Monthly Archives: February 2013

Mission for Migrant workers Carnival

Posted by Peter MUIR

Over the past few months DC Year 12 student Momoko Ishii has been coaching swimming to clients from the Mission for Migrant Workers, a Hong Kong-based organization that provides services and outreach programmes are for the more than 300,000 foreign domestic workers in Hong Kong.  Momoko has found this role challenging (especially trying to teach swimming to somebody who has a strong fear of water due to a near drowning experience) and exciting, and is now inspired to get more involved in social entrepreneurship.

On behalf of the Mission for Migrant workers (MFMW), Momoko is passing on an invite to members of the DC community to get involved in their upcoming carnival.  Held on March 3, the MFMW will host the Multicultural Connections Carnival, the culminating activity of their Connecting Cultures and Community project.  The event will be held in Chater Road, Central, from 10:30AM to 6:00PM.

Additionally, the day’s program will also serve as the MFMW’s 32nd anniversary celebration. After 32 years of serving the migrant workers and spreading the message of love and social justice, we will recognize the support given by various groups in Hong Kong and overseas to the MFMW and our work.

With the message “We Can Live and Work Together”, the carnival will be a celebration of culture of various peoples living and working in Hong Kong and will highlight the interconnections of the communities in Hong Kong. It will drumbeat the message of respect, understanding and caring for each other as we strive for social harmony among the people.

MFMW would like to request for volunteers from DC to assist them in preparing and running the event. The volunteers will specifically be asked to help in Chinese-English translation for the audience and viewers of the booths, help in distributing promotional materials for the day, and help in the various necessary tasks to ensure the success of the program.

If you have questions or need more details, please do not hesitate to contact MFMW at 25228264 or email mission@migrants.net.

World Water Day

Posted by Peter MUIR

March 22 is World Water Day – a day to focus on what many people around the world take for granted, while millions of others struggle to access daily requirements – water.

The day provides an opportunity to become aware of the challenges many face around the globe due to a lack of fresh water, as well as the realization that one of our most important resources is not infinite.  An idea for students – conduct a Personal Water Audit (pages 4-8) to see how much water you use over two days (sorry – it’s from Nth America so you’ll need to convert to metric).  You might also wish to extend this to look at the amount your whole family uses at home.  Then look at ways that you could reduce your personal water footprint.  Present your findings at school.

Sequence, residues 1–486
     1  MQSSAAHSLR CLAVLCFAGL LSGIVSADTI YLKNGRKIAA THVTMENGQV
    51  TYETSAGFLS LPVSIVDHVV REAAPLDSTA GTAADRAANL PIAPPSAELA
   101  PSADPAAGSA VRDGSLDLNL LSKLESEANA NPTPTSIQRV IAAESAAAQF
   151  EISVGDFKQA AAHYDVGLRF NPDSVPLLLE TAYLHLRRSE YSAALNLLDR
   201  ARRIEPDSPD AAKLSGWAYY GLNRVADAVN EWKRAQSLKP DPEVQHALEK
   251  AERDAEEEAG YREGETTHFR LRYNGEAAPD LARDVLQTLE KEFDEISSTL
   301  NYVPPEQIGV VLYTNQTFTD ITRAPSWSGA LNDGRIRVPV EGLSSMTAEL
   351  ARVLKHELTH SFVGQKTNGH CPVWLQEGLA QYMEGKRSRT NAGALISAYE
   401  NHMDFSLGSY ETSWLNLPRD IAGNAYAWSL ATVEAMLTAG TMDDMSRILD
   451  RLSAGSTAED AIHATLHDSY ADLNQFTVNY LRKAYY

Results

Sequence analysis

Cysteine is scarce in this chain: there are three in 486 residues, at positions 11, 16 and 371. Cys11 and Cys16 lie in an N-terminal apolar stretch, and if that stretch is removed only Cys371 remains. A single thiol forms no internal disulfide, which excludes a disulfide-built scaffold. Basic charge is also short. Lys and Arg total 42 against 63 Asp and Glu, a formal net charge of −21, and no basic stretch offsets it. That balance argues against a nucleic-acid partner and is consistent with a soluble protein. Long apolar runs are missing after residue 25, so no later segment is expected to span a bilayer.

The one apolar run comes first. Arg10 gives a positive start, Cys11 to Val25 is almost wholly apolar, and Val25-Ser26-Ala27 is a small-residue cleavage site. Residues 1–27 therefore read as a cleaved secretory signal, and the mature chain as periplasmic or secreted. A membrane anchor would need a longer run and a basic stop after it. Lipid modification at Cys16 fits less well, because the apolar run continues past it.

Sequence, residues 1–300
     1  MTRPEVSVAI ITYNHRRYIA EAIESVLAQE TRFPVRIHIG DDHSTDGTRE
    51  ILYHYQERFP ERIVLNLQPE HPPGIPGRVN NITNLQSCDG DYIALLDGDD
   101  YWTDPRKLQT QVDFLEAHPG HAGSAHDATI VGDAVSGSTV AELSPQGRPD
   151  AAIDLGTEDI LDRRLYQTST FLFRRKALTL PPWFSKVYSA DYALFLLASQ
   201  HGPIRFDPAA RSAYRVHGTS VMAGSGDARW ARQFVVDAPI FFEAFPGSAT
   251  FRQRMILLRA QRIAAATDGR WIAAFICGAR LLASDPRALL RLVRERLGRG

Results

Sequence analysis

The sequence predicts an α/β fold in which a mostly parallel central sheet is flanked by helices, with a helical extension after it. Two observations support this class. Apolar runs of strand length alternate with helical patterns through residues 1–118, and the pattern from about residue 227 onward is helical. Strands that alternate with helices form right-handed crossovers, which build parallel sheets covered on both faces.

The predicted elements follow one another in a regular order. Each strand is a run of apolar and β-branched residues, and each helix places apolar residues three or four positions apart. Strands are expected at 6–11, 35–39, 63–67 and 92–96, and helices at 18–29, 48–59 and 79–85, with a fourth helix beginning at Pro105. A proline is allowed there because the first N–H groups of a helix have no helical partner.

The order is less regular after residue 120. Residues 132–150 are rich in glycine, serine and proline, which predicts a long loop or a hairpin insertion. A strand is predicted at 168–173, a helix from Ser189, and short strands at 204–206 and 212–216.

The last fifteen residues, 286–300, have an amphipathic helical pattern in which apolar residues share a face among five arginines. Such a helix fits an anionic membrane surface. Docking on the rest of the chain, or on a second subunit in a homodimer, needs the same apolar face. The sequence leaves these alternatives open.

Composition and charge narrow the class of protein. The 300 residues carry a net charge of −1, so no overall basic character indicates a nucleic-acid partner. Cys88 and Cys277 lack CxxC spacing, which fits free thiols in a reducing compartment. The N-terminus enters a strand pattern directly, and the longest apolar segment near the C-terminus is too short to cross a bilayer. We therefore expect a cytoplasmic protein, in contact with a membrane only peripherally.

Oxfam Lai See donation campaign

Posted by Peter MUIR

This year DC is joining the Oxfam Lai See donation campaign.  Please consider making a voluntary Lai See donation during Chinese New Year to share blessings with disadvantaged people in the region.  Oxfam Hong Kong will use the funds raised from this campaign to continue their efforts in providing the basic necessities and improving the livelihood of disadvantaged people in China.  13-year-old Yang Song is one such individual that Oxfam has supported.  Here is his story:

Yang Song, 13, and many of his neighbours in  the village of Mawo, Guizhou, used to spend at least two hours a day to collect water for their home and their crops. They walked seven kilometres each way. Water is heavy, and Song sometimes stumbled with a full bucket, but he is strong for his age. He also walks over a hill every day to get to school, and also walks back and forth at lunchtime for the noon meal. Song’s whole family work hard. Their land is so rocky and eroded that their harvests tend to be a third of what they are elsewhere. Their last harvest only provided food for six months and they had to borrow money to buy the missing food for the other half of the year.   In 2011, Oxfam and a local partner in Guizhou began an environmental and sustainable  livelihood programme in Mawo. The initiative includes supporting the building of water storage tanks – four large ones for community use, and a smaller one for each family – plus agricultural training, seedlings and tools. Song’s family now has water right near their door, and is expecting a better harvest next season. Now that Song no longer has to collect water far away, he has more time to devote to his studies. His parents hope he can go to university someday. They all hope for a live without poverty.